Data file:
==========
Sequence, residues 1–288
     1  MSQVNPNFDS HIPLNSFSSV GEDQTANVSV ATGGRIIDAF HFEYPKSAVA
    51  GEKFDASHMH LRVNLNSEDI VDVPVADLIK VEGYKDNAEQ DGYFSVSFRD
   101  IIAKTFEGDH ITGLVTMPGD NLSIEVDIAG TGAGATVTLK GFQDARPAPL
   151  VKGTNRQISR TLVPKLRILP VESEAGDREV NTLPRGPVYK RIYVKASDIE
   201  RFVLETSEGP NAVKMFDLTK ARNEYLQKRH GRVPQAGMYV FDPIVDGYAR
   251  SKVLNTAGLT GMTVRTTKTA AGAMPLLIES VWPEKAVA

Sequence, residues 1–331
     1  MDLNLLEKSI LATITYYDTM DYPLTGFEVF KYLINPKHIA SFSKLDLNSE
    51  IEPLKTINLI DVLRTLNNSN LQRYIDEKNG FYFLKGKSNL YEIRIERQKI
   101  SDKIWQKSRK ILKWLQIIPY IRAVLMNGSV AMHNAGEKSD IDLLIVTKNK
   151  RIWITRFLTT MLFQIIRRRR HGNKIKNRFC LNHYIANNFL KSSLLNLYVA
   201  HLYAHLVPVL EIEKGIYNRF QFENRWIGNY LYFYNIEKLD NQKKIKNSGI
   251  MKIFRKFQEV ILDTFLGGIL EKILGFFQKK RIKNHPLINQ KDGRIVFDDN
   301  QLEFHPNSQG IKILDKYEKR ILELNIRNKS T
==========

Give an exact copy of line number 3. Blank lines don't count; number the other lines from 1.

    51  GEKFDASHMH LRVNLNSEDI VDVPVADLIK VEGYKDNAEQ DGYFSVSFRD